The oboe’sbeautiful soulful sound comes at a cost however. The oboe is a double reed instrument. The reed is made of two precisely carved small pieces of cane bound at the base. It is inserted into the oboe and exposed (you can see it at the top of the oboe). The player places the reed between his or her lips and the reed vibrates when the player forces air between the two pieces of cane. (It is thought that this way of producing sound originated in the middle to late Neolithic period and was discovered by observing wind blowing through a split rush.)
Carving the reeds“is really hard. It’s frustrating. And it doesn’t get better. It accounts for 80% of your success with the instrument and a corresponding 80% of the time you spend with the instrument. A reed may behave differently every time you play. Reeds are not reliable. A reed may change not only the way the oboe sounds, but the way in which the oboe responds to a player’s articulation and delicacy of sound-production around the reed.”
The reed’s function is similar to that of the human vocal cords. That’s what gives the oboe its unique and personal expression of sound. And, for many players and listeners, that’s what makes its sound seem so magical---as magical as the sound produced when a singer opens his or her mouth and music pours out.
The three pieces featuring Left Coast’s married pair of oboists weave a network of intimacy, friendship, confessions of love and song. The Brahms Intermezzo, Opus 118, No. 2 in A major for piano was transcribed for oboe, English horn and piano by Jenny Sperry, a friend of Andrea’s. She transcribed the Brahms for a friend’s nuptials. Jenny and her husband are oboists.
Clara Schumann’s Three Romances, Opus 22, is one of her last and most successful compositions. She dedicated it “in deepest friendship to Joseph Joachim,” one of the most important violinists of the 19th century.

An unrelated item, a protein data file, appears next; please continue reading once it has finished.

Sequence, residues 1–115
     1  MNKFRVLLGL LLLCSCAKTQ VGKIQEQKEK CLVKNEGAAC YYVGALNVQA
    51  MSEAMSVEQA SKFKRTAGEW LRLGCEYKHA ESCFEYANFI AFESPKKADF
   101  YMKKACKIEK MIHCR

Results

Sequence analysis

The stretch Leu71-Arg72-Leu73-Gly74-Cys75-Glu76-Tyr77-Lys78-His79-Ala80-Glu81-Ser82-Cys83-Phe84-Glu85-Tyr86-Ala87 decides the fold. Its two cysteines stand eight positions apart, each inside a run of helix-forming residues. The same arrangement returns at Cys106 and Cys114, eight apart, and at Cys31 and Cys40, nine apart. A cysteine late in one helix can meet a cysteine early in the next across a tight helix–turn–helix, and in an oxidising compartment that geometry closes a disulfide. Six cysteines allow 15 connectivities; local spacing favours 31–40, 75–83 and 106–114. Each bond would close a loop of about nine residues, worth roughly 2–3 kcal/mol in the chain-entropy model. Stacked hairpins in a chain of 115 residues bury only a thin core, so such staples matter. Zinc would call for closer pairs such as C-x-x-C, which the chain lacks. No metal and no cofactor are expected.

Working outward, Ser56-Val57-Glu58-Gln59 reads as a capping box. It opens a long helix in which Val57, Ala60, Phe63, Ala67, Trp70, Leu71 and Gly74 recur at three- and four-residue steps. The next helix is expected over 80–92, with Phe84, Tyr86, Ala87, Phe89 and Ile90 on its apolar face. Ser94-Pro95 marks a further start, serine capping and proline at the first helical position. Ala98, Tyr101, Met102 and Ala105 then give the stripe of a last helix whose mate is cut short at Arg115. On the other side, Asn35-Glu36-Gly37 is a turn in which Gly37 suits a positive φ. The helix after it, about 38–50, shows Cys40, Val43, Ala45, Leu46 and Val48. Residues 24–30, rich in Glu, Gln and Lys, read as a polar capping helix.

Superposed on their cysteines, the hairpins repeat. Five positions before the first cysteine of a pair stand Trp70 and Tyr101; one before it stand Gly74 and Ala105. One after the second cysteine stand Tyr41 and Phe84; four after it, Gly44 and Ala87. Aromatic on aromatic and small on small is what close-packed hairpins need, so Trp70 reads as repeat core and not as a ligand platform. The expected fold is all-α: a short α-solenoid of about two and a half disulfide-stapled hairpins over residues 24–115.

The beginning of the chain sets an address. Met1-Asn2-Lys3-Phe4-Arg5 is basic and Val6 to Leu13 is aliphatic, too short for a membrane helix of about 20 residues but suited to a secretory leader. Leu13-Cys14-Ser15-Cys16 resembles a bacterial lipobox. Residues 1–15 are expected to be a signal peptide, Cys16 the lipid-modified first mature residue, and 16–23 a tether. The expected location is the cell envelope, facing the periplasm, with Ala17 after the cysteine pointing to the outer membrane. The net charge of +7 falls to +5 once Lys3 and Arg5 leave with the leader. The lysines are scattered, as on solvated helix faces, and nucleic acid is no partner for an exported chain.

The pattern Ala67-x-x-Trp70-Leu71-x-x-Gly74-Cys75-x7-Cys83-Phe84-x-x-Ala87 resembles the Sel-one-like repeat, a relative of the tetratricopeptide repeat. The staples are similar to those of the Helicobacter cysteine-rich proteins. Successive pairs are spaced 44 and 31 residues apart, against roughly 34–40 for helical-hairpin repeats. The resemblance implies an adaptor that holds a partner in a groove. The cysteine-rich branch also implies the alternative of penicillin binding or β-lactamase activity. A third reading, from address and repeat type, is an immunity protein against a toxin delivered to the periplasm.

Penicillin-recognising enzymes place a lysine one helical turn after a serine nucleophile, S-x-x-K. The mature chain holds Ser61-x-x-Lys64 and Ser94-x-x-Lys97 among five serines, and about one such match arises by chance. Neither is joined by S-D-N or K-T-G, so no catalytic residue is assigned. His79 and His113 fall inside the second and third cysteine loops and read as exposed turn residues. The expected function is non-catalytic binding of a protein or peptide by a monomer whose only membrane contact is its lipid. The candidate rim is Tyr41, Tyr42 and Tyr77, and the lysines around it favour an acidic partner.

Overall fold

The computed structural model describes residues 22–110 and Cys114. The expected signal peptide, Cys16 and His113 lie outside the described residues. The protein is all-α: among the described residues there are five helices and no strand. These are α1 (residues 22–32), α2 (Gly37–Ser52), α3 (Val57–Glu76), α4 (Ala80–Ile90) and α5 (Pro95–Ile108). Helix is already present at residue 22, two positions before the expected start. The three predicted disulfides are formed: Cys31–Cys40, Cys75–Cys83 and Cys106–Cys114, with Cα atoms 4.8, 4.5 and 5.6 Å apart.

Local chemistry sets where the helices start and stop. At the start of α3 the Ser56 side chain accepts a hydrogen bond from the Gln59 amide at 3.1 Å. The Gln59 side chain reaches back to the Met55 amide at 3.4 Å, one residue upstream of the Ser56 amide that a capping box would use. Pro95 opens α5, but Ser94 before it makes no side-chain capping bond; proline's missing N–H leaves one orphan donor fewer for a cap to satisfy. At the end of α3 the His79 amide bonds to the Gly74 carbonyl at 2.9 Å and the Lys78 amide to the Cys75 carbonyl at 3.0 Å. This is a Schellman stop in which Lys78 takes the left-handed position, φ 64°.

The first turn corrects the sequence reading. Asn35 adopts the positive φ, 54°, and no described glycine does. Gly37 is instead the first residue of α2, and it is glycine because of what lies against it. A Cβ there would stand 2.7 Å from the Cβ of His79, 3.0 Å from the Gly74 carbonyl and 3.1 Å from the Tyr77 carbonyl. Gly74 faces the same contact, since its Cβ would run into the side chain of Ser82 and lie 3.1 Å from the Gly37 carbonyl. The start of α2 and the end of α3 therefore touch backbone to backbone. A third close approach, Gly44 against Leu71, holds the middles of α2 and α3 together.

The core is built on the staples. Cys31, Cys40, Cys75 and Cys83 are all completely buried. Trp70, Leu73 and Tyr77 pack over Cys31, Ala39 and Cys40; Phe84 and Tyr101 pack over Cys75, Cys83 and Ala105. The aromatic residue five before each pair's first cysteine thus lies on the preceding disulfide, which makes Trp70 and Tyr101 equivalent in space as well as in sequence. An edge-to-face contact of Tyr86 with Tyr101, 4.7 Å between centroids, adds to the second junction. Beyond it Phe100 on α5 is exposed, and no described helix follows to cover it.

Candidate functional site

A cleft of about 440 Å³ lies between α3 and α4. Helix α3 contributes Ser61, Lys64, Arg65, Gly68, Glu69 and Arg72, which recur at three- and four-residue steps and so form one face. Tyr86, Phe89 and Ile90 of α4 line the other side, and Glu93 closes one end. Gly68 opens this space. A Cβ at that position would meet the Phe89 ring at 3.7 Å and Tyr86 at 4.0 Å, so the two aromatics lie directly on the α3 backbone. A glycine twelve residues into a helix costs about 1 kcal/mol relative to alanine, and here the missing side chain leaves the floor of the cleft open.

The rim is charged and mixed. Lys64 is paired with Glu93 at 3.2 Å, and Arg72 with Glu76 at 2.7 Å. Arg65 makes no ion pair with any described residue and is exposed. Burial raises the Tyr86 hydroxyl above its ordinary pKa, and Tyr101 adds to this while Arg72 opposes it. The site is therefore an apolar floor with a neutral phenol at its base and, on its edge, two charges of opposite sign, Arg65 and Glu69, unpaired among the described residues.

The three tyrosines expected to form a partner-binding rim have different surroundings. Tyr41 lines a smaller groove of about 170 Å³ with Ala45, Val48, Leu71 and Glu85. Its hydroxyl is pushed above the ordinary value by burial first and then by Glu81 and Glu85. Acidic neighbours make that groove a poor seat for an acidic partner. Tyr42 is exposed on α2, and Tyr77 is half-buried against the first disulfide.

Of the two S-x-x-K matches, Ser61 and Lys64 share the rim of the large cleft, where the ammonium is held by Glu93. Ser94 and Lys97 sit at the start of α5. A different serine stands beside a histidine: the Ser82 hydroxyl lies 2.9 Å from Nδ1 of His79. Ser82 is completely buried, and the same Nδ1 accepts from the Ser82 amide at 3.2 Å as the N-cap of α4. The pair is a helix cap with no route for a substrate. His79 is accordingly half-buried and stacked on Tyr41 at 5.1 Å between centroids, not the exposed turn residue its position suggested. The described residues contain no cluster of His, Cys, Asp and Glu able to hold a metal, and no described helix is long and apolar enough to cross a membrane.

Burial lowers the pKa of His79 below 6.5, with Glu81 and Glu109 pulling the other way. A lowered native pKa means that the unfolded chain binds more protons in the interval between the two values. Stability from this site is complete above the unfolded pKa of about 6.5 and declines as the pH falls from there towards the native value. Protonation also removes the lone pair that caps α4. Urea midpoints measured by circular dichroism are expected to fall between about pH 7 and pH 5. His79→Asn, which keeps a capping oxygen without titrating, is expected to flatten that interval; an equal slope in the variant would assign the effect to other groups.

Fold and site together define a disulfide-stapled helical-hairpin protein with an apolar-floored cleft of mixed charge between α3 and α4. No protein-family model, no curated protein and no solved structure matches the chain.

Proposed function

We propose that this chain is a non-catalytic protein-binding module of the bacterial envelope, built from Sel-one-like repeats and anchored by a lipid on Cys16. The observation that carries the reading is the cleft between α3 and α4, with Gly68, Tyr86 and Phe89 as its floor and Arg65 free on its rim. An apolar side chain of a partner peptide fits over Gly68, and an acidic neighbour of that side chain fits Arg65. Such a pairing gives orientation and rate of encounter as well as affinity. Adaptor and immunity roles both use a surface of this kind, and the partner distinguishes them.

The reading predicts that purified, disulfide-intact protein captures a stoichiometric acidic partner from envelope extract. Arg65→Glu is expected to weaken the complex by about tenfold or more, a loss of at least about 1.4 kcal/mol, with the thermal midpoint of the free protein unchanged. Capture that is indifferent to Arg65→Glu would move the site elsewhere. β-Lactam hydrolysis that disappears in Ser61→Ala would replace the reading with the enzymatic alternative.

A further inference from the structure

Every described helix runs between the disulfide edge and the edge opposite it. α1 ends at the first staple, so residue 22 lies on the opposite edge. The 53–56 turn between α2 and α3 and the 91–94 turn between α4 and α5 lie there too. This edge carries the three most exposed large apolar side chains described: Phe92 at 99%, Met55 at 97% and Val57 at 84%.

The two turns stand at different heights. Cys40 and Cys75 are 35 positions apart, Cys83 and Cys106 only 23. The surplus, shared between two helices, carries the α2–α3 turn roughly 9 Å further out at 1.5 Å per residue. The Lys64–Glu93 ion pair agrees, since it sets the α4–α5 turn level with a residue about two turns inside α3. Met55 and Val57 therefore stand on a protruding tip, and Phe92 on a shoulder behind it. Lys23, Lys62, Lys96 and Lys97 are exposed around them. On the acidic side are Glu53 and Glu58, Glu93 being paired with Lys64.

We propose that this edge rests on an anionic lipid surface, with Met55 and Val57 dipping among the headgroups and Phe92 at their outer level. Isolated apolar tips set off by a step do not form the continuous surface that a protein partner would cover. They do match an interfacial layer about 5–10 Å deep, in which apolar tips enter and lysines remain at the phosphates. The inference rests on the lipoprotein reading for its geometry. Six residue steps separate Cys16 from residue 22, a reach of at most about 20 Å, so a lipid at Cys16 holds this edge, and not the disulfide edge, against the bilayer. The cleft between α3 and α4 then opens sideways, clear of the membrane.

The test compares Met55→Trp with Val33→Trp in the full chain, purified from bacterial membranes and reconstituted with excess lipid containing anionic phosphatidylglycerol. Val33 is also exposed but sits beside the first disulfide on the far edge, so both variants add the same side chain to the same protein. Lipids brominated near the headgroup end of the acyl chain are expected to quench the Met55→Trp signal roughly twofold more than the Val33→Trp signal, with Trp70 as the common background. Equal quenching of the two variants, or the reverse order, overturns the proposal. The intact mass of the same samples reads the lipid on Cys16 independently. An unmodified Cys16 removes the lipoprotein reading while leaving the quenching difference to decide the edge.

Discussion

Joachim was a major supporter of Brahms, as were Robert and Clara Schumann. Joachim performed frequently with Clara Schumann and with Brahms, in private and in public. Many composers wrote for Joachim, but the most unusual and personal composition is the F-A-E Sonata, based upon the initials of Joachim’s personal motto, “frei aber einsam” (free but alone”). The sonata is a collaboration written by Robert Schumann, Brahms and Schumann’s pupil, Albert Dietrich.
Olli Kortekangas’ composition, Aveux, Hommages à Schumann for Oboe and String Quartet is based on Aveu one of a collection (Carnaval) of twenty-one short pieces written by Robert Schumann for solo piano. The pieces represent masked revelers, either Schumann himself, his friends and colleagues or characters from Italian comedy (commedia dell’arte). Aveu depicts a confession of love.
Kortekangas began as a choral singer and has written many successful pieces for singers, among them six operas and numerous a cappella choral works. Andrea heard one of his pieces for chorus. She met him. She listened to Aveux on his website. She liked what she heard. She liked him. And she chose to play Aveux because Kortekangas “makes the oboe sing, something it does best.”
Author: By Marilyn Zivian, Member, LCCE Board of Directors. Based on an interview with Tom Nugent and Andrea Plesnarski in February 2013.